Somewhere, over the spectrum …

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Shades of grey?

It is tempting to think of plagiarism in terms of black-and-white, either a writer has committed plagiarism – or s/he hasn’t.

There are plenty of grey areas, of course, especially when considering paraphrases or summaries, or the grey areas of common knowledge or of self-plagiarism (duplication of work). But by and large, plagiarism is clear-cut: a piece of work which appears to be the work of the present writer but which lack the indicators that show that this is the words, work or ideas of somebody else, that is plagiarism. Probably. Possibly.

Issues such as intent and extent might be of consideration when determining the consequences, but those are other issues, it is plagiarism or it isn’t. Cases in which plagiarism is suspected but cannot be proven will (usually, in education situations) be given the benefit of the doubt: it isn’t plagiarism. It is clear-cut, black-and-white.

Black-and-white. If the signals are not there, signals that indicate that these are someone else’s exact words, or the citation which indicates that these are someone else’s words or ideas, and it can be shown that the words or ideas originated elsewhere, it’s plagiarism.

Black-and-white (and shades of grey).  It is or it isn’t.

I often use Jude Carroll’s “Where do you draw the line?” activity* in workshops (with permission, of course). Carroll gives us six situations, six descriptions of work starting with no attribution or signal or bibliographical reference, and then increasingly more information is included in each scenario. Example 1 is clearly plagiarism, example 6 is clearly good practice, and, as this is a continuum, we can draw a line: that example would be considered as plagiarism, the next example is not plagiarism. Where do we draw the line?

This is a useful activity. I have often found that, even though plagiarism is a matter of black and white, teachers often draw that line in different places. Some draw their line too low, and would accept work which other teachers would rate as plagiarism – and, sometimes, some draw the line too high, and would refuse work which most would rate as acceptable.  Students too. We all know what plagiarism is – except that we don’t all agree. More grey than black-and-white?

Definitions are not always clear either, and the terms used to describe plagiarism or to explain good practice are frequently confused and confusing. Examples are often inconsistent and advice given is frequently wrong. Worst might be those bodies which give examples and state, clearly, categorically and mistakenly, that this is the only way to cite and reference, and that anything else is unacceptable. The SQA muddle which I highlighted recently is a case in point.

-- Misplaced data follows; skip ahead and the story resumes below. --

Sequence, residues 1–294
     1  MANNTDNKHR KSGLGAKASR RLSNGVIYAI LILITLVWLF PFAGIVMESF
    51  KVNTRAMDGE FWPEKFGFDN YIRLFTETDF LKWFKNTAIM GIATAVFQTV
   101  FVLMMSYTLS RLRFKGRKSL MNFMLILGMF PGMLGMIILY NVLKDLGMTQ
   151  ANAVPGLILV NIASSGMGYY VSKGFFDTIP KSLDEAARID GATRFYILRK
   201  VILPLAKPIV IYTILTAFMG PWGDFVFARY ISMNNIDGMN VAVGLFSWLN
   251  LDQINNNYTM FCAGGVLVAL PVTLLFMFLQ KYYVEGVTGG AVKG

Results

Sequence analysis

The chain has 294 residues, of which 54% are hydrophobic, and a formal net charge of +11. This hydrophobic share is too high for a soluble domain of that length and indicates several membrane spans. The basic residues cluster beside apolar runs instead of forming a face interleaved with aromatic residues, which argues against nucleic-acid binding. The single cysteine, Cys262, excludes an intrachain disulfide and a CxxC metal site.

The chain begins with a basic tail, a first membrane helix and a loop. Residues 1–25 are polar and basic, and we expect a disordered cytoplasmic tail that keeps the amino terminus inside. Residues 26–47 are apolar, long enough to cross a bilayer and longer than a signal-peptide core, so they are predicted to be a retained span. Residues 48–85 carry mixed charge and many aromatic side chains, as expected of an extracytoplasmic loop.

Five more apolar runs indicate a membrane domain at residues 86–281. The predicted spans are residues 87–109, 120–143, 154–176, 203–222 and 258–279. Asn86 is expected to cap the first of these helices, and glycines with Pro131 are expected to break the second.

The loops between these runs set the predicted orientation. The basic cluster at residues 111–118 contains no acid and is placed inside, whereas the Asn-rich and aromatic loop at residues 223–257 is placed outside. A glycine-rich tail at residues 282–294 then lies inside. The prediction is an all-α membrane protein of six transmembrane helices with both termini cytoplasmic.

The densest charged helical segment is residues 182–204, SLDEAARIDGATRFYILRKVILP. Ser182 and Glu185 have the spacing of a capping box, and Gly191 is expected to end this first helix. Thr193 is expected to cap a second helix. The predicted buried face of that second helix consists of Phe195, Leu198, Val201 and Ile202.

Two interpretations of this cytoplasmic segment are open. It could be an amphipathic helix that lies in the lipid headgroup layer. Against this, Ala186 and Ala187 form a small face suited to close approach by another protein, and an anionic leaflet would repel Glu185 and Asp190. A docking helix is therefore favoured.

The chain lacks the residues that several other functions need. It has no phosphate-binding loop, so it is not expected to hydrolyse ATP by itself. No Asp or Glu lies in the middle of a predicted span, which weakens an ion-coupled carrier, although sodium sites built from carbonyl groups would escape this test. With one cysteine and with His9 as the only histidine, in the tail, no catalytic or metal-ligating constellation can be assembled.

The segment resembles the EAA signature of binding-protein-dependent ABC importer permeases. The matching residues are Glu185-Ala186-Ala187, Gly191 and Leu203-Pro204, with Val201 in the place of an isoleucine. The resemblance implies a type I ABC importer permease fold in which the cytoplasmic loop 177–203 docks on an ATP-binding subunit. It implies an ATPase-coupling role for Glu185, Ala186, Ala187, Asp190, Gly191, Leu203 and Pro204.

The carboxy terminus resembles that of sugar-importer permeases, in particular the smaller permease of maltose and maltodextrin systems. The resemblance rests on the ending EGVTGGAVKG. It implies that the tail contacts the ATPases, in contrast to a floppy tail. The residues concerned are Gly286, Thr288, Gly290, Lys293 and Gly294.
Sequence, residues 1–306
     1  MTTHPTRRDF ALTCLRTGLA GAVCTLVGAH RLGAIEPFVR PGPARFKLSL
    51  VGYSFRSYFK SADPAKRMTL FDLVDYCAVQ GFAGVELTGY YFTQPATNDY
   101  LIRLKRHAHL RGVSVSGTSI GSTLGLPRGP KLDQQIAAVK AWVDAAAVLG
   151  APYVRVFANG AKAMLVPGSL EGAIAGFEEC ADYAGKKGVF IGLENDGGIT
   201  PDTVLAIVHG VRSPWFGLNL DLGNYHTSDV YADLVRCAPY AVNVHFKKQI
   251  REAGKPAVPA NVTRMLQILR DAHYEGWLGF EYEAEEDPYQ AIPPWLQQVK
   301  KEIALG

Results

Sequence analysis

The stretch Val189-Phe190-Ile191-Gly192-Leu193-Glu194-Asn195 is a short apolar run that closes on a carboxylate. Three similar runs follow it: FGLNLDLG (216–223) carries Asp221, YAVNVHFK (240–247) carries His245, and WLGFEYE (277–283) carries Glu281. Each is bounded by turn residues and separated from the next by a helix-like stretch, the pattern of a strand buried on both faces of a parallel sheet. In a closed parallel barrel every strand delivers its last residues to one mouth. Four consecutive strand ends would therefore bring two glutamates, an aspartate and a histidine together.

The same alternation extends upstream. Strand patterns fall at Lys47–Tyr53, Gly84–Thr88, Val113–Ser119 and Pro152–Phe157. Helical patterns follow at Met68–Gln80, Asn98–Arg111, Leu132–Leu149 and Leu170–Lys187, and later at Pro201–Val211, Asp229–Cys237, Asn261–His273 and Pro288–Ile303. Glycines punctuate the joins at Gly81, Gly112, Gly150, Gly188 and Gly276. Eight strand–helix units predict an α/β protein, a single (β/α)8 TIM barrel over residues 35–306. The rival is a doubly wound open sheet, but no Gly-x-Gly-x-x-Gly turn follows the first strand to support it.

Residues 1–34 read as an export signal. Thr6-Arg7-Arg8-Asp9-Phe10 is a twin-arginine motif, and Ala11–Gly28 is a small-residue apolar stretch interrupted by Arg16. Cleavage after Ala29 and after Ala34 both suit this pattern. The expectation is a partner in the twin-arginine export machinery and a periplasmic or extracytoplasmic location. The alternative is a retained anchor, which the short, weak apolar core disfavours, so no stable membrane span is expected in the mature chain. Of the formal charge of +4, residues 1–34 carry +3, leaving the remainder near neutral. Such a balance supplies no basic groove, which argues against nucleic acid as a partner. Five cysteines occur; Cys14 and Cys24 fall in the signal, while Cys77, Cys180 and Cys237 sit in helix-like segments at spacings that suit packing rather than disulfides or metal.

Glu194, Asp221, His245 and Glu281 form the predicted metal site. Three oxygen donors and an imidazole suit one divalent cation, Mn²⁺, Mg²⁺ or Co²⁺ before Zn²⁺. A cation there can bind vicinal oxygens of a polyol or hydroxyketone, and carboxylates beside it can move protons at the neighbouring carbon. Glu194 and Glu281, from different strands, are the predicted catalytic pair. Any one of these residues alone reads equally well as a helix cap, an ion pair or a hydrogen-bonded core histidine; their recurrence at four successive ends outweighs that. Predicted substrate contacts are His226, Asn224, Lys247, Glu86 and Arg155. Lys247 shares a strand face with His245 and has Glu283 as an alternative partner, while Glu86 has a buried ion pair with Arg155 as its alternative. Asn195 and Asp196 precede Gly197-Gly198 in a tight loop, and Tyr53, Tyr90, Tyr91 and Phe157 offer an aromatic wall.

The worst of that SQA mess was the guide for Advanced Higher Chemistry which states that the examples given illustrate the only acceptable way in which to cite and reference, and anything else (which presumably includes the examples given in guides to other SQA subjects) is wrong and therefore completely unacceptable. Never mind that the examples given in the AH Chemistry guide are misleading, erroneous and possibly plagiaristic, this is the “only acceptable method” and any other form of citation or reference is unacceptable.

The International Baccalaureate seems to go further. In declaring that

producing accurate citations, referencing and a bibliography is a skill that students should be seeking to perfect (Extended essay guide, p. 22)

and that

Failure to comply with this requirement will be viewed as plagiarism and will, therefore, be treated as a case of malpractice (p. 22),

the IB appears to equate poor referencing and mistakes in bibliographic formatting with plagiarism, and plagiarism means malpractice and that will lead to disqualification and worse…

I believe (based on experience, observation, anecdote, listserv correspondence and more) that many teachers have misled and even scared their students in their interpretation of this statement. Some teachers are paranoid about students making mistakes, even when they don’t themselves know what is “right”. The paranoia is passed on, teacher to student, the fear of forgetting a comma or using upper instead of lower case or having an incorrect format for a date…

To be fair, the latest update to the guide (August 2013) includes a separate section on Academic honesty, which includes the contradictory and kinder statement

Candidates are not expected to show faultless expertise in referencing, but are expected to demonstrate that all sources have been acknowledged (p. 4)

but many teachers seem unaware of this, in part because the original statement regarding malpractice remains, and is more prominent, in the guide.

A horse of a different colour

Reports and stories of senior school administrators plagiarising are unfortunately common. They should know better. They should set better examples, be better role-models. There should be consequences (because they should know better). They should know – don’t they read administrators’ bulletin boards or the educational press? – how often it happens and how unpleasant it is when it happens, or that plagiarising administrators get bad press and are often forced out of their positions and posts. But it still happens.  In what I admit is a sweeping generalisation, they don’t seem to learn from others’ mistakes.

Jessica L. Huizenga’s possible plagiarism is perhaps less straight-forward, a bit more intriguing, than most; one would need to see the documents she published before deciding whether her board over-reacted. Her story is reported in a three web-page article published in the online community newspaper, Wicked Local Cambridge/ Cambridge Chronicle & Tab, under the title “Top Cambridge school administrator under fire for miscitation“.